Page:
PA.’S TUNKHANNOCK — Republican candidate Mehmet Oz was hosting a town hall in this small community northwest of Scranton on the day that Pennsylvania Democratic Senate contender John Fetterman started a TikTok account.
In a sense, it was a distillation of the two candidates’ various styles. The various tactics are at least somewhat motivated by Fetterman’s May stroke, which has restricted his in-person activities (he held a rally in Erie on Aug. 12, and more events are being scheduled).
Oz criticized Fetterman’s more virtual approach on Thursday night.
He will consent to having a hologram of himself made by his handlers, a fictional persona that will only ever appear on television. And after that, you’ll be asked to cast a ballot, which is dangerous for democracy, claimed Oz. “Because we’re supposed to be able to vote for individuals we can see a judge with our own eyes, hear with our own ears, and watch how they respond under pressure,” the voter explains.
The Fetterman campaign’s efforts to advance the narrative through social media appear to be succeeding, according to financial and polling statistics. According to the most current records with the Federal Election Commission, the Democrat’s campaign had roughly $5.5 million at the beginning of July compared to Oz’s $1.1 million.
After an April Oz campaign ad featuring the Republican in a grocery store fruit aisle went viral last week, Fetterman’s team said it raised over $1 million in just three days. According to a recent poll done for the business and labor group Pittsburgh Works Together, Fetterman is in the lead by 18 points.
Democrats are portraying Oz as a wealthy millionaire from New Jersey who is out of touch. They have also pounced upon a recent Daily Beast article in which the Republican claimed to own only two residences, but the publication later revealed that he actually owns ten. A made-for-social-media video from the Fetterman campaign included the theme song, Family Feud segments, and the game show “How many houses do you own?”
Oz’s response on Thursday focused on criticizing Fetterman’s “privileged” upbringing.
“My opponent, in his own words, grew up in an affluent atmosphere and had his lifestyle, up until very recently, paid for by his parents. He paid his sister $1 to buy his house. Now, when you lead a life like that, you have quite different expectations and views about the function of government, according to Oz.
Oz, who is best known for being a television personality doctor, frequently mentions the success of his medical career and TV show, but he also enjoys discussing how his father’s life began in Turkey.
When you have a dirt floor inside, you don’t have much, right? That’s how my father grew up. Oz stated on Thursday, reiterating the message he gave the previous evening in Philadelphia at a Republican Jewish Coalition gathering.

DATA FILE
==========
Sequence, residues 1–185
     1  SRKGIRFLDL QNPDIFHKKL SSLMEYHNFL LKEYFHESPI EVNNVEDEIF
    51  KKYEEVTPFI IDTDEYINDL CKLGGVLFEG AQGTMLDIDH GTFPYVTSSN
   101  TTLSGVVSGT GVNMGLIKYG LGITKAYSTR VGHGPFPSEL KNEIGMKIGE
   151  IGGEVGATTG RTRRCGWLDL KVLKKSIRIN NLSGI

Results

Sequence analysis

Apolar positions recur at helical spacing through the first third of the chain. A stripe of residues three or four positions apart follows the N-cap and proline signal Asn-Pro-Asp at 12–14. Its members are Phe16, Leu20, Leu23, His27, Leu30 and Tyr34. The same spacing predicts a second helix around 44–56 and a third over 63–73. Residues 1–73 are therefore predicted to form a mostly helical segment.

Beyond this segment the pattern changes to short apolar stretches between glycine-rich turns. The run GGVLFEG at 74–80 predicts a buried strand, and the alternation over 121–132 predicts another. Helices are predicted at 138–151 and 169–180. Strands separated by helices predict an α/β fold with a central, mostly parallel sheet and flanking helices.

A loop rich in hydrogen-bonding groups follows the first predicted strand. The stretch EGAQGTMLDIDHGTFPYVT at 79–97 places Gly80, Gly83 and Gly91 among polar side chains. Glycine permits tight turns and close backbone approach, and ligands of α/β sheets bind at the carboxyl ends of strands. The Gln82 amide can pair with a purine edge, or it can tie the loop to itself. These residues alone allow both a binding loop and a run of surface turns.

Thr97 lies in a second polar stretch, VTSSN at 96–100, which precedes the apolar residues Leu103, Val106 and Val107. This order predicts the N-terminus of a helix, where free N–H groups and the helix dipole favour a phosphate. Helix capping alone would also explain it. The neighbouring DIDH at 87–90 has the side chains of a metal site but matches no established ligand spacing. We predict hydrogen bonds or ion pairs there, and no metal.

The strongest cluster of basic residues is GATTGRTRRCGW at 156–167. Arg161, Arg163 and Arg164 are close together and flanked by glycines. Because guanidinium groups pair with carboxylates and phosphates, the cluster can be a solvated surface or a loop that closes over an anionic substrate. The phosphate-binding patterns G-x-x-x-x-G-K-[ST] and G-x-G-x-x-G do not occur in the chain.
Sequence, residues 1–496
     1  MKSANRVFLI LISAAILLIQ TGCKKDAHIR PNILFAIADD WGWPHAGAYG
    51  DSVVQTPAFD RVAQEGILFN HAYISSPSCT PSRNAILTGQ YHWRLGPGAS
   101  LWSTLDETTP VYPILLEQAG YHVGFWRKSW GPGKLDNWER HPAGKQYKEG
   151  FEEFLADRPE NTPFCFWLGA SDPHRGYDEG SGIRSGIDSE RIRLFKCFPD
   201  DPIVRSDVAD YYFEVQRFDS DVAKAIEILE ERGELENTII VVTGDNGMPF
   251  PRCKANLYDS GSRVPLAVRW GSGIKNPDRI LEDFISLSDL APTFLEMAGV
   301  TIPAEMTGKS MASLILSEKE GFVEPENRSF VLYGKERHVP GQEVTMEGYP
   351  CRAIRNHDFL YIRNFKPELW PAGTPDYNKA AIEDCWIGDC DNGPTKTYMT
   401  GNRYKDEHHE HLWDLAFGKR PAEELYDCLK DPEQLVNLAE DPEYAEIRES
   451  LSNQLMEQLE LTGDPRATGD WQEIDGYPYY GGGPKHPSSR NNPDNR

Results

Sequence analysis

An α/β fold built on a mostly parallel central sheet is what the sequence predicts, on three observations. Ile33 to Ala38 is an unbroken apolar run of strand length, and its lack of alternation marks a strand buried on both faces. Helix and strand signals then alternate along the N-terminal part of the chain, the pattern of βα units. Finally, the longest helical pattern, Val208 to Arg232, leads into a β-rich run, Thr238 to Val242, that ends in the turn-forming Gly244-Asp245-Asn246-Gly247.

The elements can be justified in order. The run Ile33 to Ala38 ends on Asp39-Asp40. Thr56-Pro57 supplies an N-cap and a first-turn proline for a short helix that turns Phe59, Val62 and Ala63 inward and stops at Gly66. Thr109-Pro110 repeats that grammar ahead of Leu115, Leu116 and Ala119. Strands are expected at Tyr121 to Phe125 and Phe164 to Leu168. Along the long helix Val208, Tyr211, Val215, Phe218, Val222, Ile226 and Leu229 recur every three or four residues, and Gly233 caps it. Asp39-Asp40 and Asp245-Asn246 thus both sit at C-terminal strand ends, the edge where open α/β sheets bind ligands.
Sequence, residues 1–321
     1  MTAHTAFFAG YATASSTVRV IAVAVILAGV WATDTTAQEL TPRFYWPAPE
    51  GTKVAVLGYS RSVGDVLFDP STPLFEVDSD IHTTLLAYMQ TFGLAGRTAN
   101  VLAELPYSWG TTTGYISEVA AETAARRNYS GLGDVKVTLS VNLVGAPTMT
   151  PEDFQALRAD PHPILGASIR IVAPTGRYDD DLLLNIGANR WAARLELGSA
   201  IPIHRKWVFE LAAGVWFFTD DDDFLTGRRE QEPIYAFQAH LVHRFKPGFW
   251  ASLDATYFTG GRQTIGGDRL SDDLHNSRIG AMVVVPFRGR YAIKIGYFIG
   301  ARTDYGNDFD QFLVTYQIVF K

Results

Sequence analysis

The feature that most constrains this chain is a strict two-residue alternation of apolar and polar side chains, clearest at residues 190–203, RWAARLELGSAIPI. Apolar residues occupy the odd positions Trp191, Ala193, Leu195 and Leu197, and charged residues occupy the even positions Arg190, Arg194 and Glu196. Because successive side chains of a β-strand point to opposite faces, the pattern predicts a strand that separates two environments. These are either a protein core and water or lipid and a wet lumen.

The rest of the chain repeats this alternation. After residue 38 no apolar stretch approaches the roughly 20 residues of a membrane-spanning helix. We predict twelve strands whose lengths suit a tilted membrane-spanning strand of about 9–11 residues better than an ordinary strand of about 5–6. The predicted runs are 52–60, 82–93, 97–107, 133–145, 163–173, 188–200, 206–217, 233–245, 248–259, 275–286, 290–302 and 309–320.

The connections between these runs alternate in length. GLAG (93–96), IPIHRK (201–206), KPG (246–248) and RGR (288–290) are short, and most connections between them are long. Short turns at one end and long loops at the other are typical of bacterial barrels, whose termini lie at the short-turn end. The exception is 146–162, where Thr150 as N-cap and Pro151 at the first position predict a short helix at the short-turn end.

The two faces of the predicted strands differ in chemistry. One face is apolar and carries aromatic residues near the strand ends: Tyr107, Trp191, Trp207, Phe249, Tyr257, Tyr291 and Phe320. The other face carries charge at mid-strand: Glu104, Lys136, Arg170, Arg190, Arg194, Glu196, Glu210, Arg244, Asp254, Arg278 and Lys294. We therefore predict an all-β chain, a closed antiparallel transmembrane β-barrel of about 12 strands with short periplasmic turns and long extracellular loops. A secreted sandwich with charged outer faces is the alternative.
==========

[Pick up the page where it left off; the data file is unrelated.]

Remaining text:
On Thursday night, Oz declined to take questions from the few reporters who had traveled to Wyoming County. Questions about recent Democratic attacks on his real estate holdings as well as inquiries about the legal standing of former President Donald Trump, whose endorsement resurrected Oz’s flagging campaign in a fiercely contested Republican primary, would undoubtedly have come up.
The reason for the hasty withdrawal, according to the candidate, was the necessity to drive to meet a Fox News Channel satellite truck off the highway in order to make a scheduled appearance on Sean Hannity’s TV show.
Oz did reply to a number of policy queries from audience members at the town hall, including inquiries regarding veterans and rural issues. His recent schedule, which included appearances at agricultural fairs across the commonwealth, may have paid off.
When asked what he had discovered while campaigning in rural Pennsylvania, Oz responded, “I’ve learned a lot about farming,” to some laughs. “We’ve talked about the riches that exists below the Earth’s surface, but the wealth that exists above it, particularly with our crops, is enormous. And a variety of factors harm our farmers.
The impact of estate taxes on farmers was one of the topics Oz went on to discuss, as was the experience of an apple grower who encountered legal trouble in Pennsylvania for giving kids tractor rides during the pick-your-own apple season.
Sen. Patrick J. Toomey, R-Pa., retired from the Senate, and Fetterman and Oz are vying to take his seat. Preserving the seat in Republican hands is crucial to the party’s efforts to tip the 50-50 Senate balance in its favor.
The Roll Call article Oz tries to mobilize GOP against extremely online Fetterman campaign first appeared.
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